An Important Discourse

This opinion piece appeared in the New York Times this week. It is an important topic for those with babies in the NICU.

Let me start by stating that if I could go back in time with present knowledge, I would not change a thing.

However, when Charlie was in the NICU, I would have liked to been informed of more than merely the mortality statistics. It would have helped to know the possible issues my baby would face and not all preemies catch up by two.

I feel that I could have been better prepared. It would have spared me of crushed expectations. Prior to Charlie’s first year home, I thought all preemies catch up by two. I anticipated a “normal” baby experience upon Charlie’s homecoming. After so much heartbreak and loss, NICU parents deserve more information and discussion.

NICU moms, what do you think about the piece?


Charlie enjoyed the lovely weather today at the state arboretum.


About Rebecca Wood

In May 2012, my pregnancy ended three and a half months early due to severe early onset preeclampsia. This is my collection of thoughts and media. It is an attempt to document and discuss our experience of navigating the post NICU world. View all posts by Rebecca Wood

7 responses to “An Important Discourse

  • judy

    This is such a hard question. For me, Agnes had really good odds of survival when she went to the NICU: decent birth weight and no problems that didn’t present with obvious solutions. She did need surgery, a vent, blood transfusions, and she will require ongoing therapy, but I believe she will have a happy life. If she had arrived 10 or 15 weeks sooner than her 37, I don’t know what I would do. It’s hard to know what constitutes “extreme” life-saving measures when everyone desperately wants the patient to survive. I guess if there is a chance the baby will eventually be well enough to go home, I would hope everything possible would be done to support that baby’s life.


  • Amber Perea

    In the beginning of apparency of Jp’s delays…I used to rage that no one warned me, really. No one truly sat me down and told me what I was possibly (which came to fruition in our case) in for.

    Though now, I don’t know. It may have “spoiled” some of that purity of infancy. Maybe that bliss with uncertainty was better than unfounded fears.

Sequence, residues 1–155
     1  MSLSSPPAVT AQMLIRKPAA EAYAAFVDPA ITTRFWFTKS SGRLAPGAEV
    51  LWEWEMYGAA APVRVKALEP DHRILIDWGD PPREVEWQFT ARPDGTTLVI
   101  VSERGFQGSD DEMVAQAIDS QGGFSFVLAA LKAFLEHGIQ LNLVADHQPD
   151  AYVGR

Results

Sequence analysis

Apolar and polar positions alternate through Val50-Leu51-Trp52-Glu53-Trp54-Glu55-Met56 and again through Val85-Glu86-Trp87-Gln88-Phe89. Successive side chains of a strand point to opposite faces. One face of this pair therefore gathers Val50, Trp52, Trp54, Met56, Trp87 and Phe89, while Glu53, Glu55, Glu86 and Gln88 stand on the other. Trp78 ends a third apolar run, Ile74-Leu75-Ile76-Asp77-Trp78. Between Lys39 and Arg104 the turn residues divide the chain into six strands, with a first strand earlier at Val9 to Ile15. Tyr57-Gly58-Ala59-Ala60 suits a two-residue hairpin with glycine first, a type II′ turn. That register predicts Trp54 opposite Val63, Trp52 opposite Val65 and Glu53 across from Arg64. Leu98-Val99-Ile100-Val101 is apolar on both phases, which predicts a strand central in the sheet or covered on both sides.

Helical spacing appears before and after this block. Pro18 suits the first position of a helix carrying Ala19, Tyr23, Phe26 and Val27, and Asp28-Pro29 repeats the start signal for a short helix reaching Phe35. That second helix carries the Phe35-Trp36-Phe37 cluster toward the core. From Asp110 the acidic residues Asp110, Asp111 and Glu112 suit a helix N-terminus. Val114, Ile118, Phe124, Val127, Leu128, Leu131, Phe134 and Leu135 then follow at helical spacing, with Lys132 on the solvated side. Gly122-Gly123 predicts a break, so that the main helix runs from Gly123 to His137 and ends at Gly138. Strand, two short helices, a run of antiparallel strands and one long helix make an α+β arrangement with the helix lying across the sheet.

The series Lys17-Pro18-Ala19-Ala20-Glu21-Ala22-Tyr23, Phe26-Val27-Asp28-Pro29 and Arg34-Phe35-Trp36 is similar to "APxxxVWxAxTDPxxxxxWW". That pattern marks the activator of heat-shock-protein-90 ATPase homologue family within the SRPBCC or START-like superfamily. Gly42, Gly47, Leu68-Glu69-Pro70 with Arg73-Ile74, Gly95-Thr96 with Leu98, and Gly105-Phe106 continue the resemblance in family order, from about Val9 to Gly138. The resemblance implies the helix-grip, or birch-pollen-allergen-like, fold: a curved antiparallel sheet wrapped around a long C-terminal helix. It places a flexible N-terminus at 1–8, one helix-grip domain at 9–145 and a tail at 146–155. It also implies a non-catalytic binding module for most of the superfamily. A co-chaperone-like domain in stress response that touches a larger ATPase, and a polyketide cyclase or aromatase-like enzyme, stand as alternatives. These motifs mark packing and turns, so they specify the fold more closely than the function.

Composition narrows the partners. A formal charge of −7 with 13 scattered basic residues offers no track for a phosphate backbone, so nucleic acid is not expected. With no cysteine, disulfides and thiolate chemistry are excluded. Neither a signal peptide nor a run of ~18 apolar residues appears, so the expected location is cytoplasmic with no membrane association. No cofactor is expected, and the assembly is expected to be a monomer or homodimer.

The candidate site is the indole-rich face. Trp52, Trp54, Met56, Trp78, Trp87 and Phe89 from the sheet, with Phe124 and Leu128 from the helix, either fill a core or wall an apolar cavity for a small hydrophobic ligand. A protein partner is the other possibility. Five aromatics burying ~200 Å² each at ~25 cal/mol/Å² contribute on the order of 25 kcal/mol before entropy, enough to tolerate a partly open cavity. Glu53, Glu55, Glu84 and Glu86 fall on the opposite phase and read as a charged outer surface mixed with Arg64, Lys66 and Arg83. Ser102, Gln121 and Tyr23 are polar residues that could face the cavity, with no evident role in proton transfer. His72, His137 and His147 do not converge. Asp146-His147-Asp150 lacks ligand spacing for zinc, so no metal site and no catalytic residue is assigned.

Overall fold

• woodra01

      Charlie came home on a formula that she had an allergy to. For us, the normalcy never started. Looking back, it was like chasing a carrot on a stick.


      • Amber Perea

        Neosure? That one made Jp projectile vomit like something out of a horror movie for a YEAR. 😉 I never said normal…just not petrified of what ifs that may not happen. For some, “it” doesn’t. For some of us…well, you know. 🙂


      • woodra01

        HAHAHA! Horror movie projectile! It was milk protein in general. When she was readmitted to the hospital for that, an observant doctor noticed her torticolis. That was the beginning of her movement problems and her missed milestones.


  • Alyssa

    I was glad to see this article, as I agree there absolutely needs to be more awareness and better counseling. I was disheartened by the comments to the article, but moreso I was disheartened that the reaction of many in the preemie community has been so visceral to the conversation because of those comments. It was a parting of seas of sorts. Instead of talking more about how we can better inform parents in the scariest days of their lives to make decisions that are best for them and their child, the focus has shifted to one of misunderstood anger.

    I hope the conversation can shift back to understanding how parents can be better informed and how they can be supported through their choices. No one has a crystal ball and can tell us what the future holds, but fact based, consistent and compassionate information is lacking in many situations.


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